He’d do anything to coax a smile out of someone. “You’d end up smiling just seeing him smile,” said William Dudley, one of his closest friends.
When he found out he was going to be a dad, he got a job in retail and walked miles each day to get to it. He called up Dudley and wanted to repay $20 he had borrowed months earlier. A family man needed to take care of his debts, he reasoned.
“I told him I don’t want your money,” he said. “But most people wouldn’t even have brought it up. … He was such a good dude.”
“When I heard what happened,” Dudley said, “my heart just shattered. Everything in me shattered.”
On the afternoon of Sept. 11, a Friday, Taylor was walking to a store with a friend by his home in Southeast Roanoke when a gunshot rang out, striking him in the head.
The shot was so sudden his friend would later tell Dunbar he couldn’t process what was happening as Taylor fell to the ground.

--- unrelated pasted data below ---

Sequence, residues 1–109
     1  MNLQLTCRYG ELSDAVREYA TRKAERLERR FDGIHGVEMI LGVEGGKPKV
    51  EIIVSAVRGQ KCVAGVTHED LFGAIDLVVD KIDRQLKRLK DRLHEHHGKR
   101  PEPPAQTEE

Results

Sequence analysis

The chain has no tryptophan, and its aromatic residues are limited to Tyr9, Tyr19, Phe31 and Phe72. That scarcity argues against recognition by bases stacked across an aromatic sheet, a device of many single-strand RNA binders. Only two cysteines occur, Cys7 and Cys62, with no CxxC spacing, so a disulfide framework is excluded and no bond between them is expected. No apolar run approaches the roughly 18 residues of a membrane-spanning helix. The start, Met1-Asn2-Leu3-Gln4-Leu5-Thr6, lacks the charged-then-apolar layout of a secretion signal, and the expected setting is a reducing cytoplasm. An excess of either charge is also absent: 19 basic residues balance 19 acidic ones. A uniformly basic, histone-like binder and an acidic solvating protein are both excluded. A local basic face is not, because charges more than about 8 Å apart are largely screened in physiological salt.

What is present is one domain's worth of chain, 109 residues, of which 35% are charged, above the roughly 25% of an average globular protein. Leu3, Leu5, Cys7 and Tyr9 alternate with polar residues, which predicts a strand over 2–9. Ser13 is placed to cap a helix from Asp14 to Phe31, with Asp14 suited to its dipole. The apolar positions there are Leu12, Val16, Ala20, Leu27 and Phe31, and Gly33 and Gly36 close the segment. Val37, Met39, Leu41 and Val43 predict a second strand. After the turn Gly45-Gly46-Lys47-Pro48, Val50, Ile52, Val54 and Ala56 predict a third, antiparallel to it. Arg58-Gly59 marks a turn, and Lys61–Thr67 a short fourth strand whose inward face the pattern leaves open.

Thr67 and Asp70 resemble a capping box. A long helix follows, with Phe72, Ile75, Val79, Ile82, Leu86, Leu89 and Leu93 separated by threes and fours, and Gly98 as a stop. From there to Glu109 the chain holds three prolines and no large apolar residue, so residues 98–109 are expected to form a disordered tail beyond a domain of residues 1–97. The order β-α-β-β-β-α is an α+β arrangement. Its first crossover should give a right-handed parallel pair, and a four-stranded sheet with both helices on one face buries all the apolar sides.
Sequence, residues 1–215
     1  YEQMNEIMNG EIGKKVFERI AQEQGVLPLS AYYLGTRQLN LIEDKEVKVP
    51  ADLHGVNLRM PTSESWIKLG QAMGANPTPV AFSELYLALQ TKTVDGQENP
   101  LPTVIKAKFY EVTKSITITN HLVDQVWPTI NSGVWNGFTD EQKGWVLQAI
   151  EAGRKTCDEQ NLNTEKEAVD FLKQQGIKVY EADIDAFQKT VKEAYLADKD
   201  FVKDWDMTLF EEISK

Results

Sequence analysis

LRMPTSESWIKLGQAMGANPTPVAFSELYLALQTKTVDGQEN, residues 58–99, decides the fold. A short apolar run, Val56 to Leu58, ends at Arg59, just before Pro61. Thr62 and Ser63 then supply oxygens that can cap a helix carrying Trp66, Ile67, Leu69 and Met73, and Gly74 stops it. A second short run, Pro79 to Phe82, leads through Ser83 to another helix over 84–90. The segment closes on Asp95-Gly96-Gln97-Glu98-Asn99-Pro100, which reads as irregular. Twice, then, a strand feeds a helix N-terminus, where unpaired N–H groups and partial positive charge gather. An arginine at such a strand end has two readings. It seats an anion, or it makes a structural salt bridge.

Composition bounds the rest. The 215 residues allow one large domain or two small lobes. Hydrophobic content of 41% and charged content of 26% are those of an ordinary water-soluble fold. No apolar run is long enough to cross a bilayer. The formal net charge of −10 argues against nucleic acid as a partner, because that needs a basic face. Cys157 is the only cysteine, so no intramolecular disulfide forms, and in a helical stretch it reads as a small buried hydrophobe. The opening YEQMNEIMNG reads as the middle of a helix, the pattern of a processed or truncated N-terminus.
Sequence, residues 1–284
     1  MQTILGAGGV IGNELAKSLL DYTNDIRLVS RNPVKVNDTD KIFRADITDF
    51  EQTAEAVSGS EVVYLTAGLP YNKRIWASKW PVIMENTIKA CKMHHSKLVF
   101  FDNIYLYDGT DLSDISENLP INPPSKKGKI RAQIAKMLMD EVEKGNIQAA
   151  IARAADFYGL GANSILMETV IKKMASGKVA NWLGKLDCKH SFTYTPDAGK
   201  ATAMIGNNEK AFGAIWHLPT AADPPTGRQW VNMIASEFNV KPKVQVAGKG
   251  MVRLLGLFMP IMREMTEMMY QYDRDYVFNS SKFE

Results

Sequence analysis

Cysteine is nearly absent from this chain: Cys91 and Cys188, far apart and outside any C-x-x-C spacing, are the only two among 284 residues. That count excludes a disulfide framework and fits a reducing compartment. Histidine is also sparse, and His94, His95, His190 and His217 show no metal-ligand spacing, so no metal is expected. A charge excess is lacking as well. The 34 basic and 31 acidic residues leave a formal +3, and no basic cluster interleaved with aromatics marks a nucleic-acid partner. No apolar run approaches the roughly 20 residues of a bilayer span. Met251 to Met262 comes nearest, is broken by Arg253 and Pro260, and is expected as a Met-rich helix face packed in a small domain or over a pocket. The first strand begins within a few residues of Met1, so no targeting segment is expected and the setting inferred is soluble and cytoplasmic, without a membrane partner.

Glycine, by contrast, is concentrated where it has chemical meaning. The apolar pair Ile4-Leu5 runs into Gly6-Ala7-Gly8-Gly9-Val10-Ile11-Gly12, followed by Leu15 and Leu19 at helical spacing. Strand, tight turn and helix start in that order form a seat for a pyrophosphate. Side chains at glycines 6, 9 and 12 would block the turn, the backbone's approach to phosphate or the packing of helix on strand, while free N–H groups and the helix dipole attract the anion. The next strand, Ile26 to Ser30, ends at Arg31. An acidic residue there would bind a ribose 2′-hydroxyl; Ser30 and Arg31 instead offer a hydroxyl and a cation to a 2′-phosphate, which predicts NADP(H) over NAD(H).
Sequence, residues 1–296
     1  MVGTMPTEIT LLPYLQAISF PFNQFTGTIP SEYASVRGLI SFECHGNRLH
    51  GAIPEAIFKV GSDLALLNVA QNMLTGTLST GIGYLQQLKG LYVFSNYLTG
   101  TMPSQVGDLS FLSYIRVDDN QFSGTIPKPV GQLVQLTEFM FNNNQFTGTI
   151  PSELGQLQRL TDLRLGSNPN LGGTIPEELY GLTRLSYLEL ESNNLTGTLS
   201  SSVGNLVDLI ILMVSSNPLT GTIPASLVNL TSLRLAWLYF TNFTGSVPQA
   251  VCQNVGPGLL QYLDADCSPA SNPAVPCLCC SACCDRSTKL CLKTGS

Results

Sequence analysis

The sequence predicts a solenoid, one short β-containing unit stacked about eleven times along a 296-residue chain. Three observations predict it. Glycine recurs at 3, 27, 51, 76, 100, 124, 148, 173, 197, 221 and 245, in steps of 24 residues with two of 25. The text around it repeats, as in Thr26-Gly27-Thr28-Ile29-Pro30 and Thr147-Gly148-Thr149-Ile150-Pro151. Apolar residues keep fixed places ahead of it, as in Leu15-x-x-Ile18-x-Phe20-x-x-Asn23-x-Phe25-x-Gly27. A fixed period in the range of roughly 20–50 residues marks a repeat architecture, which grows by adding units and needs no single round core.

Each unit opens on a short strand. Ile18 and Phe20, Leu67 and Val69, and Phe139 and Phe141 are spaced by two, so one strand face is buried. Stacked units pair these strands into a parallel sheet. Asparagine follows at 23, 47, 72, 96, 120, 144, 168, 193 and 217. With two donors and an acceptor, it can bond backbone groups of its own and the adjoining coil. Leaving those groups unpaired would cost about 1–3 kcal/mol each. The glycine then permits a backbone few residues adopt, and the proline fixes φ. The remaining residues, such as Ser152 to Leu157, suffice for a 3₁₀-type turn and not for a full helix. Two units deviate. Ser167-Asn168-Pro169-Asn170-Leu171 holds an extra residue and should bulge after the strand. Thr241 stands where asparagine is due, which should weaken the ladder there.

Witnesses reported seeing someone fleeing afterward, according to a search warrant. Dunbar believes Taylor, who died at the hospital the following Sunday, wasn’t the intended target of the gunfire.
“He never did anything to nobody,” she said.
• • •
The process of grieving follows no set path. Its bends and turns affect those navigating it differently.
To grieve is both normal and abnormal. It is both painful and a part of healing.
In the days after she lost her brother, LaCresha Brown felt like she was moving through a fog. She busied herself with helping with plans for his memorial and organizing a candlelight vigil that would bring dozens out to a neighborhood park.